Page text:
Thursday, July 10, 2008

Louise Erdrich's THE PORCUPINE YEAR

Today, Elizabeth Bird (a blogger at School Library Journal), posted her review of Louise Erdrich's The Porcupine Year. It is Erdrich's third book in a series that began with The Birchbark House.

Bird clearly loves the book. I don't know if she posts a live countdown for every book she reviews, but there is one there for the moment when The Porcupine Year hits the shelves on September 2nd.

Earlier this year I listened to Erdrich read from her new novel, The Plague of Doves. It came out in April and is in its third printing. The story she tells is based on the lynching of three American Indians in 1897 in North Dakota. At the 2006 New Yorker Festival she read aloud the story "The Plague of Doves" that would become the novel. If you want to hear that reading, click here.

I bring up her reading here because today, months after I heard her read, those voices are still with me. A gifted writer, she is also an outstanding reader. I'd love to hear her read aloud The Porcupine Year! Like Elizabeth, I was taken with the dialog.

And, as with her first book, Erdrich gives us an honest portrayal of peoples in conflict. In her books, there is none of the savage melodrama that Wilder uses in her series. The world might be a better place if we replaced every copy of Wilder's Little House on the Prairie with Erdrich's series. In Erdrich, children see human and humane, fully developed Native characters whose culture is in conflict with those who want what they have. Thoughtful and thought-provoking.

4 comments:

Fuse #8 said...

In the interest of complete and utter honesty, I cannot take credit for the countdown. Harper Collins offer it as a blog option on some of their bigger books. I just hadn't found one worthy of the feature until now. Thanks for linking to me!

Anonymous said...

I loved the other books - can't wait to see this one. I have a basic question, though. If the book isn't out yet - how did you get to read it?!?!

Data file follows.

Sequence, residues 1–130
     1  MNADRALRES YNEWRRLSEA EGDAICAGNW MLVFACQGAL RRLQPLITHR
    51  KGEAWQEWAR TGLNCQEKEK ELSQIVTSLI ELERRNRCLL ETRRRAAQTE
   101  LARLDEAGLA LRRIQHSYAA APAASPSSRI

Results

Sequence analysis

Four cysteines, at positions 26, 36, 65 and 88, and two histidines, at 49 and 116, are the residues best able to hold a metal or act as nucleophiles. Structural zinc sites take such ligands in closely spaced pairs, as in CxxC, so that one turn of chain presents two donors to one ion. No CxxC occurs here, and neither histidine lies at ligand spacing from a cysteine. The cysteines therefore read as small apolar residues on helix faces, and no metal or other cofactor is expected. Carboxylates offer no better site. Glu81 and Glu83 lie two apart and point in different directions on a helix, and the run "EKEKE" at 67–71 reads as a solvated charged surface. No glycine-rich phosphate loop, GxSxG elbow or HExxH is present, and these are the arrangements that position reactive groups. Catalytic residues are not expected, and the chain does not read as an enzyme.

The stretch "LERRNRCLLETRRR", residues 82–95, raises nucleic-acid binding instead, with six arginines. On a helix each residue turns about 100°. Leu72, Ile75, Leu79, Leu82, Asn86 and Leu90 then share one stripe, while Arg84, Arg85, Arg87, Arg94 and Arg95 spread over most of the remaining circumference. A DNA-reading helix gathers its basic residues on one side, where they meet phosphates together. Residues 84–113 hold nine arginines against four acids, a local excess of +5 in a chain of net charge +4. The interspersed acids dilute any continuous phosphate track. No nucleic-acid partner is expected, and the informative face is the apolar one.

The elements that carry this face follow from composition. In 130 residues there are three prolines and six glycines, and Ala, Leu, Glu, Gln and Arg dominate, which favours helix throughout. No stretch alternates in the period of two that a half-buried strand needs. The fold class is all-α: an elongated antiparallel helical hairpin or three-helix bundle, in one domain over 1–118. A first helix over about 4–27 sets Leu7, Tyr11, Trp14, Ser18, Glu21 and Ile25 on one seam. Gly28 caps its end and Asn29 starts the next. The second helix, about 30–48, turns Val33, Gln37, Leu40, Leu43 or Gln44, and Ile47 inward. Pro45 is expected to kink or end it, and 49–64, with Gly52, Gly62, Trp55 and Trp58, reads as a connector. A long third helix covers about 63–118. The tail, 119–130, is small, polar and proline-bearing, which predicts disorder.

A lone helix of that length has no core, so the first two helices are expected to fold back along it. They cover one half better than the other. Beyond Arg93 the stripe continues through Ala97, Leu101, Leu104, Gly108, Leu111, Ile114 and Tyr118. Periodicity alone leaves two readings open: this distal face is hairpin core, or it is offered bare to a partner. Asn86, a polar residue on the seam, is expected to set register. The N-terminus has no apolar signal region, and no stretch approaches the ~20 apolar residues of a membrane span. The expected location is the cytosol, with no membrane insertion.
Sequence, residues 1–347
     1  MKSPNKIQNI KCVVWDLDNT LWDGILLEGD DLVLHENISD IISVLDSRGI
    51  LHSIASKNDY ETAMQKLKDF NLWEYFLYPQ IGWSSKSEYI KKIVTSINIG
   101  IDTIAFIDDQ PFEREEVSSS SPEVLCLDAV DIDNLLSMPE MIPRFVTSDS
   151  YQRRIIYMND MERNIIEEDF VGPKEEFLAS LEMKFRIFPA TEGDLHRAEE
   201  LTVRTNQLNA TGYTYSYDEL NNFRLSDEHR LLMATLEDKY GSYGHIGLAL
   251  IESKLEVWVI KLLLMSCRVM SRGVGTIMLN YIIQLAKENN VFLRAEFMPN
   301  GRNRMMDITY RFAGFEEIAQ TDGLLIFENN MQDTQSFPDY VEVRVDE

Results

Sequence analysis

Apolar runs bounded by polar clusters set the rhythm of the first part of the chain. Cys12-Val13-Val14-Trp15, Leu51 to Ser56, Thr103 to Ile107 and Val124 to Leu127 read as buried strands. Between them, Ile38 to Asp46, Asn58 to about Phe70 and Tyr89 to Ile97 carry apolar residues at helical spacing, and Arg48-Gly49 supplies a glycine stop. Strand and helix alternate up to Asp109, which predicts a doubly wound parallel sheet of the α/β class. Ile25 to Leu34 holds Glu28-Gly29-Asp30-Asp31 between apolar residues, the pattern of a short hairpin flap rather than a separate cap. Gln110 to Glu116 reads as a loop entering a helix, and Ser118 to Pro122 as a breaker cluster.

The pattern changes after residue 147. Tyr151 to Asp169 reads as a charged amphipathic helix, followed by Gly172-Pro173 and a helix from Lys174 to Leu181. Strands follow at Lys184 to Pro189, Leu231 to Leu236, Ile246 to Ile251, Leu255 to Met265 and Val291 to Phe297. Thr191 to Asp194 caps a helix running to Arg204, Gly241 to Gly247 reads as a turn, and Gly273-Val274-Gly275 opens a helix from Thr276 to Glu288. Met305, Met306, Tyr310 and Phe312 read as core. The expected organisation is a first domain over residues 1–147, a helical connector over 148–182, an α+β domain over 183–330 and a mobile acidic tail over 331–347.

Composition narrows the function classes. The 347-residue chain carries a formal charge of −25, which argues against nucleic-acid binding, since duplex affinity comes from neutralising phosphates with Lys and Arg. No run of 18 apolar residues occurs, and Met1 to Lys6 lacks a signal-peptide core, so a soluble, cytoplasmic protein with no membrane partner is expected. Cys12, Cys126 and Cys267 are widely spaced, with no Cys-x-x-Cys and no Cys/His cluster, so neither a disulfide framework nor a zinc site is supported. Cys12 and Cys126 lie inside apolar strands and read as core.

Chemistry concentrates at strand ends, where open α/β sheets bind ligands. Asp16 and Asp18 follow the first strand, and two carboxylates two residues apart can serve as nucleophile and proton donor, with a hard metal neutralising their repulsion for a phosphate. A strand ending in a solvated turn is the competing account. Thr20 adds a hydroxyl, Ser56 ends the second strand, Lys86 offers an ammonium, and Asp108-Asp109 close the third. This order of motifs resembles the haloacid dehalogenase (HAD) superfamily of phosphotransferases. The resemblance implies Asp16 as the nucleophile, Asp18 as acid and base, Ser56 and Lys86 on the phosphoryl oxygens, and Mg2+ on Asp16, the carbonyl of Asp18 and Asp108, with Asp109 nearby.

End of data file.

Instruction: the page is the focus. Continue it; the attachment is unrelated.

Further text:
- Kara

Debbie Reese said...

Publishing houses send review copies out to review journals like SLJ. When BIRCHBARK came out, I think I asked to be placed on the distribution list for review copies of the sequels. I think they said ok (to put me on the list) because of my research and teaching in American Indian Studies/children's lit.

Allison said...

Hello!
I am a teacher education student at the Univ. of Wisconsin who was in a fourth-grade classroom this semester. As part of their study of the Native Americans of Wisconsin, they listened and followed along to The Birchbark House on tape. The children loved it so much they would beg to keep reading it. Personally, I have read the whole series as part of my Social Studies methods class and because I wanted to know what the children were reading. I loved the books! I'm still in the process of learning how to teach Native culture and history in the classroom, but I wanted to say that as a future teacher, I do care. I was at the UW School of Education's "American Indians in Children's Literature" presentation, and I found it very helpful. I hope to include many of those books in my own classroom someday. I just wanted to say thank you. The work that you do makes my job just a little easier.